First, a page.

Friday, June 25, 2010

End of Soviet Union

End of Soviet Union:

The August 1991 coup, designed to halt the weakening of the centralized USSR, ironically hastened the Unions’ dissolution. Declarations of independence by the constituent republics, the abolition of all-Union institutions and the transfer of their assets to the republics, and increasing international acceptance of these developments sapped what little strength there had been in the Union. While Gorbachev tried desperately to find a formula to halt the centrifugal process, his former political allies, reading the signs, abandoned him one after the other. And yet, there was no inevitability about the decision to replace the Soviet Union with a Commonwealth of Independent States. That decision, adopted by the leaders of Russia, Ukraine, and Belorussia, seems to have been made hastily if not whimsically.

On August 23, 1991 Boris Eltsin, as President of the RSFSR, decreased the suspension of the Russian Communist Party on the grounds that it had lent its support to the coup attempt and had otherwise violated Soviet and Russian laws. Gorbachev, who upon returning to Moscow after the coup had tried to absolve the party of any blame and announced his intention of continuing his efforts to reform the party, was left with little choice but to resign as General Secretary of the entire (All-Union) party, which he did two days later. Seeking to counter the further erosion of central authority, Gorbachev persuaded a majority in the Congress of People’s Deputies in early September to dissolve that body in favour of a State Council which would consist of republic leaders and Gorbachev and act in a temporary capacity until a new bicameral legislature could be elected. Aside from approving independence for the three Baltic republics, the State Council accomplished nothing and was largely ignored by republic governments. Eltsin, swelled with new powers granted by the Russian parliament, meanwhile accelerated the transfer of central institutions to Russian authority.

December turned out to be the month in which the fatal blows to the Soviet Union were delivered. On December 1, voters in Ukraine overwhelmingly approved a referendum on independence and by a smaller margin elected Leonid Kravchuk, a former Communist party boss turned nationalist, as their first president. A week later, at a hunting lodge in Belovezhskaia Pushcha, not far from the Belorussian capital of Minsk, Eltsin, Kravchuk and the Belorussian leader, Stanislav Shushkevich, signed a declaration terminating the Soviet Union and replacing it with the Commonwealth of Independent States. Gorbachev, who had not been consulted or informed beforehand, publicly responded by declaring his “amazement” and urging republic parliaments to discuss the draft Treaty on the Union of Sovereign States on which he had worked tirelessly over the previous months. On December 21, the presidents of all the other republics with the exception of Georgia (already embroiled in civil war) and the three Baltic states, declared their willingness to enter the Commonwealth. Finally, on December 25, Gorbachev announced his acceptance of the dissolution of the Soviet Union and his resignation as its president.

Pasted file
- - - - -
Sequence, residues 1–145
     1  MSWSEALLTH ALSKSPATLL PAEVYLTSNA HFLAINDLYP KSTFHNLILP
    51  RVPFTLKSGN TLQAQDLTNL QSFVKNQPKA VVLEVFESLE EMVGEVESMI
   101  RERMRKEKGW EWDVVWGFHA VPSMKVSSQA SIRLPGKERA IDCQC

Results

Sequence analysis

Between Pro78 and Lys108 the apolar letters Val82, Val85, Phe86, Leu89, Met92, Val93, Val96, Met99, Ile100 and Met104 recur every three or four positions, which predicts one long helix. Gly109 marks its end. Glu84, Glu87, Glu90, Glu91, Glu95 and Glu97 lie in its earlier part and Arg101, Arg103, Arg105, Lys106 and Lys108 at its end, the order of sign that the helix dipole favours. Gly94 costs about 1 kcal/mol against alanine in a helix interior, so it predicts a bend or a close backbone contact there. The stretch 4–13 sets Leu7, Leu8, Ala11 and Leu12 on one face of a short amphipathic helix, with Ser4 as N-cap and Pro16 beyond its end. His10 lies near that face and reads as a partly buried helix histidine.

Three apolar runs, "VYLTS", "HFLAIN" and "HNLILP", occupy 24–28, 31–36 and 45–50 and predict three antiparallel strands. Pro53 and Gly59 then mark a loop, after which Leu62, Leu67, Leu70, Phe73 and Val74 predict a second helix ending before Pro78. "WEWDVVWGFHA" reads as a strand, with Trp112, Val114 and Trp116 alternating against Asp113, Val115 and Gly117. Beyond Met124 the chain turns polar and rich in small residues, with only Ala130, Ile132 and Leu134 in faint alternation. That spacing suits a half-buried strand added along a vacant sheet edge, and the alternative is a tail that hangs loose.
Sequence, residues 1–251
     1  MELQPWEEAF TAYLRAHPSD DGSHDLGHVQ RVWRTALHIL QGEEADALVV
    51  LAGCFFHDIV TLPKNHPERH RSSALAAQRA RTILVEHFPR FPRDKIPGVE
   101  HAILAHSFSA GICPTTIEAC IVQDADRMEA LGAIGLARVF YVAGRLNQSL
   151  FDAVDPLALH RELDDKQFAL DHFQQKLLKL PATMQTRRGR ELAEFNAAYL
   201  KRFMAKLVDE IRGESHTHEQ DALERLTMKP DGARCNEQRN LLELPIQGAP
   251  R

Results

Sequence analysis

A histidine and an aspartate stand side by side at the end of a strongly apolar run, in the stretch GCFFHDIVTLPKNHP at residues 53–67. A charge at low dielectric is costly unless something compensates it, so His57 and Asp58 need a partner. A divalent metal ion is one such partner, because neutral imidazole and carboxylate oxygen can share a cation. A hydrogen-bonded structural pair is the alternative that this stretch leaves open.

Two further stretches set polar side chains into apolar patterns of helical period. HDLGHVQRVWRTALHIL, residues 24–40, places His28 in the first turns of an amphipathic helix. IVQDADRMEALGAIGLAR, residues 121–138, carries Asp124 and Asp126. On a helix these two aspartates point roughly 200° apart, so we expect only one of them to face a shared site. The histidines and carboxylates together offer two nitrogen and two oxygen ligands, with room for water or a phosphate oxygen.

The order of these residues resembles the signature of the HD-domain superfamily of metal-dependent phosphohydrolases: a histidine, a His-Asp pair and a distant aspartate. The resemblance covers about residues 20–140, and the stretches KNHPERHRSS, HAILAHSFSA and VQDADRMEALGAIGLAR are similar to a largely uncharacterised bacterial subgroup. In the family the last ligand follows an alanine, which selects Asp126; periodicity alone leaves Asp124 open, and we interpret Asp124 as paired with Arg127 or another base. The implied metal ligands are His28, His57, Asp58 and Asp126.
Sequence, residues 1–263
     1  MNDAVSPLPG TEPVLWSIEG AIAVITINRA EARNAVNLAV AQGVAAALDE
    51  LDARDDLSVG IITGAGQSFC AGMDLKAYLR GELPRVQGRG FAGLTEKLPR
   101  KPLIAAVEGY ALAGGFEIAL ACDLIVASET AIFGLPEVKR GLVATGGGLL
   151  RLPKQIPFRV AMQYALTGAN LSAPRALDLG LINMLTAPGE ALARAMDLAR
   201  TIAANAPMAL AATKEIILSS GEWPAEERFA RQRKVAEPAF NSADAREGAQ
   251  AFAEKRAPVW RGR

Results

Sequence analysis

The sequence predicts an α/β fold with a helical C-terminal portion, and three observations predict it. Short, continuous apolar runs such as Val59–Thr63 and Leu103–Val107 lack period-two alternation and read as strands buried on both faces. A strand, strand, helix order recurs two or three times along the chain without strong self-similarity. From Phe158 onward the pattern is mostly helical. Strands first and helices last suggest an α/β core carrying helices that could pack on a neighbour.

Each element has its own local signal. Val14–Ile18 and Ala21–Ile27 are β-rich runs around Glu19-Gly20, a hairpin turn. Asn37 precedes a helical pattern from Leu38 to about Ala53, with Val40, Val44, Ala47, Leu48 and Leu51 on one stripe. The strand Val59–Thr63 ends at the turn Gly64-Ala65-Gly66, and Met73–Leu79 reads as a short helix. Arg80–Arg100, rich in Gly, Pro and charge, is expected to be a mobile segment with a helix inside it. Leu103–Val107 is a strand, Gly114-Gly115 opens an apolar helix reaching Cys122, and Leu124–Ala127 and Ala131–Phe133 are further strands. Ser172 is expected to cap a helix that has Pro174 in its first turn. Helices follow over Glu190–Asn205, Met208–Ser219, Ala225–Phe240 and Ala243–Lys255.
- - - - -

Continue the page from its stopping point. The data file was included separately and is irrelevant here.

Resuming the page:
The August Coup

Faced with growing republic separatism, Gorbachev attempted to restructure the Soviet Union into a less centralized state. On August 20, 1991, the Russian SFSR was scheduled to sign the New Union Treaty, which was to convert the Soviet Union into a federation of independent republics with a common president, foreign policy and military. The new treaty was strongly supported by the Central Asian republics, which needed the economic power and common markets of the Soviet Union to prosper. However, this meant the preservation of the Communist Party control over economy and social life. The more radical reformists were increasingly convinced that a rapid transition to a market economy was required, even if the eventual outcome included the disintegration of the Soviet state. Disintegration of the USSR also accorded with the desire of local authorities, such as Yeltsin’s presidency, to establish full power over their territories and get rid of pervasive Moscow ideological control. In contrast to the reformers’ lukewarm approach to the new treaty, the conservatives and remaining patriots of the USSR, still strong within the CPSU and military establishment, were completely opposed to anything which might contribute to the weakening of the Soviet state.

On August 19, 1991, Gorbachev’s vice president Gennadi Yanayev, prime minister Valentin Pavlov, defense minister Dmitriy Yazov, KGH chief Vladimir Kryuchkov, and other senior officials acted to prevent the signing of the union treaty by forming the “State Committee on the State Emergency”. The “Committee” put Gorbachev (vacationing in Foros, Crimea) under house arrest, reintroduced political censorship, and attempted to stop the perestroika. The coup leaders quickly issued an emergency decree suspending political activity and banning most newspapers. While coup organizers expected some popular support for their actions, the public sympathy in large cities and in republics was largely against them. Russian SFSR President Boris Yeltsin was quick to condemn the coup and grab popular support for himself. Thousands of people in Moscow came out to defend the “White House” (Yeltsin’s office), then the symbolic seat of Russian sovereignty. The organizers tried but ultimately failed to arrest Yeltsin, who rallied mass opposition to the coup. After three days, on August 21, the coup collapsed, the organizers were detained, and Gorbachev returned as president of the Soviet Union. However, Gorbachev’s powers were now fatally compromised as neither union nor Russian power structures heeded his commands.


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